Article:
The Impact of Augmented Reality Could be Even Bigger this Year


This article is brought to you by Retail Technology Review: The Impact of Augmented Reality Could be Even Bigger this Year.

Augmented reality (AR) is not a new trend in retail, as it has been in the developmental stages for many years now. However, the level of progress in AR-based retail technology seen in 2020 alone was more impressive than anything that had come before. As for virtual reality (VR) technology, which is often mistaken to be the same as or very similar to AR tech, 2020 was perhaps the biggest year for the technology to showcase some of its brilliant applicability in entertainment. Unfortunately, that progress had little to do with retail.

Why Didn’t Virtual Reality Grow Bigger in Retail?

There was a time when AR and VR were almost exclusively identified with the future of gaming, but it was soon realized that augmented reality had far more potential in retail than gaming at the moment. Virtual reality, on the other hand, remains confined to entertainment for the most part still today. The primary issue with VR’s applicability in retail is the fact that it creates a more immersive experience, at the cost of sensory confinement. Whatever an individual might experience during a VR session or experience, is limited to the virtual world of the software itself.

Theoretically, retail VR software that was developed to help potential customers take advantage of an immersive, virtual, “in-shop” experience should have been a huge hit. However, it was not a feasible option in most cases, and it still is not in 2021. Highlighting the main contradictions between what was needed and what is available in VR tech should be able to explain the issues better:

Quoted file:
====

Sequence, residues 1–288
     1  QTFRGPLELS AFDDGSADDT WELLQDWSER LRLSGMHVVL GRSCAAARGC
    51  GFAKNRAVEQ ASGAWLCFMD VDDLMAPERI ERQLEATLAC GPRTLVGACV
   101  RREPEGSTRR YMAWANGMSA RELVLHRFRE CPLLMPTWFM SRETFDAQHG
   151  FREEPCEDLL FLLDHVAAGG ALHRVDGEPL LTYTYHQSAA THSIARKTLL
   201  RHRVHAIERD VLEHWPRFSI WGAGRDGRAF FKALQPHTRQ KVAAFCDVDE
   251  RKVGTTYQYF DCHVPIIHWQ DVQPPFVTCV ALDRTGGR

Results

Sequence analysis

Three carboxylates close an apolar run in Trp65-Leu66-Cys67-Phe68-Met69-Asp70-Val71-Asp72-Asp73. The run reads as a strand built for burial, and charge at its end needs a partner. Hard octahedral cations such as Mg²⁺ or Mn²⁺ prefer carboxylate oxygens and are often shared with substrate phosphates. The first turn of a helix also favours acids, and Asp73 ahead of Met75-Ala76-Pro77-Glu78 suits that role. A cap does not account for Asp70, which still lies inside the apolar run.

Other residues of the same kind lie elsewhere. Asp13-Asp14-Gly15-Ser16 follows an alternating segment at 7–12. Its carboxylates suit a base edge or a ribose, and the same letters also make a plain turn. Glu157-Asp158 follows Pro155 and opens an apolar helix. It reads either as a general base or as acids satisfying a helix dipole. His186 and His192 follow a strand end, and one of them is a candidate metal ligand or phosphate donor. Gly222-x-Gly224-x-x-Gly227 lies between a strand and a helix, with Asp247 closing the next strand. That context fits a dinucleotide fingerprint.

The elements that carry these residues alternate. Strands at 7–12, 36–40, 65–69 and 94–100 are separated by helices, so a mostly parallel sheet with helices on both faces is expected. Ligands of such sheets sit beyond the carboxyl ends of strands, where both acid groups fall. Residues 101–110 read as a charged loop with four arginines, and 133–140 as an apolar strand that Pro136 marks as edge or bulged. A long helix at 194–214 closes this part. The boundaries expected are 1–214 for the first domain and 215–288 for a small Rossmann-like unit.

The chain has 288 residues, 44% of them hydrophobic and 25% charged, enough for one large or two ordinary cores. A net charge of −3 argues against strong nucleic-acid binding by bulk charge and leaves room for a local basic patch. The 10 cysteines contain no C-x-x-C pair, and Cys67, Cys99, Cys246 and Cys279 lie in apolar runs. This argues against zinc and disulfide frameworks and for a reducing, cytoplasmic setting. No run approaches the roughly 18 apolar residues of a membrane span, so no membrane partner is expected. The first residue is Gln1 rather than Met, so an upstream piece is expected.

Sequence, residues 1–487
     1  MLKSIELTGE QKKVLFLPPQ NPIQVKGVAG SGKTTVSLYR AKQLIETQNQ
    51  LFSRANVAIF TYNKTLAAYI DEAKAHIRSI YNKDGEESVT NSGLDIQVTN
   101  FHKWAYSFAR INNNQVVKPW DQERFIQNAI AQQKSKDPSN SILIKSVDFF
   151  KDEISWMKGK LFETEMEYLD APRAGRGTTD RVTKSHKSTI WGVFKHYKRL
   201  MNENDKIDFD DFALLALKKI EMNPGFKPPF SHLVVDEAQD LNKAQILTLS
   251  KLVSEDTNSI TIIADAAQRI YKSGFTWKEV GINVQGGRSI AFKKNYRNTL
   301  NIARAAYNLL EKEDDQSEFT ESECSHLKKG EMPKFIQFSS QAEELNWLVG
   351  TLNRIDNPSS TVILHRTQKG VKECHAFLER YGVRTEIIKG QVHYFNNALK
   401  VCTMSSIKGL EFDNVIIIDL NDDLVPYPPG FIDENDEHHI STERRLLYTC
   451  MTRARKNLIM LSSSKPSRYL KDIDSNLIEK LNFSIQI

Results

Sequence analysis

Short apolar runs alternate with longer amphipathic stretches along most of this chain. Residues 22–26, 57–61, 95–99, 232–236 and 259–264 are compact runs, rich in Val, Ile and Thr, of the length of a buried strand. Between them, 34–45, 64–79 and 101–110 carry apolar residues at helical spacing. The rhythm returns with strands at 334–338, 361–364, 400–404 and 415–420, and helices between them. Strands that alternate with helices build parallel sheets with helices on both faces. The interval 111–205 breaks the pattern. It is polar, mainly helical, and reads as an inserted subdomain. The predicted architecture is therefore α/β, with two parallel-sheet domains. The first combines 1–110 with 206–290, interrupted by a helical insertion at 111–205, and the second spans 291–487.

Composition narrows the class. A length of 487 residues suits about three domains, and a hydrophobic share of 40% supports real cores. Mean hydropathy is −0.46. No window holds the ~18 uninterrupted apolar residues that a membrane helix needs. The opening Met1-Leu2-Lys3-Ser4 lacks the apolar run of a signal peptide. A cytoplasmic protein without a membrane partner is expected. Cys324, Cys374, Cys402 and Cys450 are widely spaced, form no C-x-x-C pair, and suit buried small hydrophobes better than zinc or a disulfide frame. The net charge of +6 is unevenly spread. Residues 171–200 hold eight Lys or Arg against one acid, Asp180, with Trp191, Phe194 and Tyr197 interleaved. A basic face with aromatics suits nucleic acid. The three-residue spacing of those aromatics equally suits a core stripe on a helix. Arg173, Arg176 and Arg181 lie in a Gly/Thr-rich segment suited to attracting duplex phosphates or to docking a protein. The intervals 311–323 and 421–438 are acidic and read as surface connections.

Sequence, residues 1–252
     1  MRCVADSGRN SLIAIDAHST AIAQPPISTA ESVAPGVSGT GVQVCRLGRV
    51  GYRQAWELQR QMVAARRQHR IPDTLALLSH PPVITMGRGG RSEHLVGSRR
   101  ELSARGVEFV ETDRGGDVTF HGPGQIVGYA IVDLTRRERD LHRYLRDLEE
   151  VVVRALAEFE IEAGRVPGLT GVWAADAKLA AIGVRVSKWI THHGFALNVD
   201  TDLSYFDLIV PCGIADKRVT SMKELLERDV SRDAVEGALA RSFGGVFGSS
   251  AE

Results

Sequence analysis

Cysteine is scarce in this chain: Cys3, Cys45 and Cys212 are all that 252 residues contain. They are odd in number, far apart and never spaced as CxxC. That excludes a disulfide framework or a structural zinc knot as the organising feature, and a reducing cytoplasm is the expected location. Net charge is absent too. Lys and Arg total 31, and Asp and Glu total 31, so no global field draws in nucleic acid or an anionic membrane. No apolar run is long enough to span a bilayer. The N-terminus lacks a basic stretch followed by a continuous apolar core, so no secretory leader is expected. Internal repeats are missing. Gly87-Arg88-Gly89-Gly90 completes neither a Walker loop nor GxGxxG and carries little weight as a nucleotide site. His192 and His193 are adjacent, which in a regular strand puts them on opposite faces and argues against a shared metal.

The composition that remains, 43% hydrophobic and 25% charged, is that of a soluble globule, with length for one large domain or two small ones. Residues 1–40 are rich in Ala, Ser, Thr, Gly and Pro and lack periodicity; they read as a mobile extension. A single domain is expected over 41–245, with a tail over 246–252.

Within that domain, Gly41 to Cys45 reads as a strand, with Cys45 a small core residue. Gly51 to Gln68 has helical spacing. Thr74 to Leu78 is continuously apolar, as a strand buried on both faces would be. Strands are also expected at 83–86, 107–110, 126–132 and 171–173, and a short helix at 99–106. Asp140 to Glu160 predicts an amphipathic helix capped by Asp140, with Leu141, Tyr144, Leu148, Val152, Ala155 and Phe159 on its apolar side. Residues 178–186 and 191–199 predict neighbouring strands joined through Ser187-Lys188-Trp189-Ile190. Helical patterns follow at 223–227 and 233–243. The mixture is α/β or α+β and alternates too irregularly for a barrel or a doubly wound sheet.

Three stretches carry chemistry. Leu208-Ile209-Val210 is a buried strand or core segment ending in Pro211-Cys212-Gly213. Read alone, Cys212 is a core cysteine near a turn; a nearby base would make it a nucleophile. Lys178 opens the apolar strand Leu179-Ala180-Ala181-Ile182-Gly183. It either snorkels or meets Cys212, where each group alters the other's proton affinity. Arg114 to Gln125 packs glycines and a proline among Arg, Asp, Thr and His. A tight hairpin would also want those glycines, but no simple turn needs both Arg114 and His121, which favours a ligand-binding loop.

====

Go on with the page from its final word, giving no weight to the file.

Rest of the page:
• There simply isn’t enough power in most computers to run a proper, lifelike retail shop simulation of high quality in VR
  • The initial attempts made to create retail simulations were done with low-quality images and missing details, which did nothing to impress potential customers
  • In addition to owning a powerful PC, users must also have a compatible VR headset to use retail simulation software packages, which vastly limits VR’s scope to reach potential customers
  • Due to VR software and hardware components being in their early stages, the expensive equipment and apps needed to be replaced every now and then to keep them valid
  • The cost of VR software development and regular hardware replacements could not be justified by their comparative ROI in retail.

VR experiences are now mostly limited to marketing in offline booths and large retail units, where the hardware necessary to run a proper simulation in full resolution (QHD or higher) is already present. In 2020, when everything had to shut down for a while, VR lost its utility in retail almost completely because those powerful PCs, VR software simulations and public VR headsets were no longer of any use in a world threatened by Covid-19. Virtual reality did make huge progress in gaming, however, but as far as the retail industry was concerned, it could not help the market much last year, if at all.

Growth in Augmented Reality was Fueled by Need in 2020

The old saying about necessity being the mother of invention would be a perfect expression to describe the reason behind AR’s rapid growth and value during 2020. As offline retail came crashing down in the middle of global lockdowns, growing panic and severe restrictions in an attempt to control the spread of Covid-19, augmented reality provided opportunities for online and offline retailers in multiple segments to keep their businesses alive.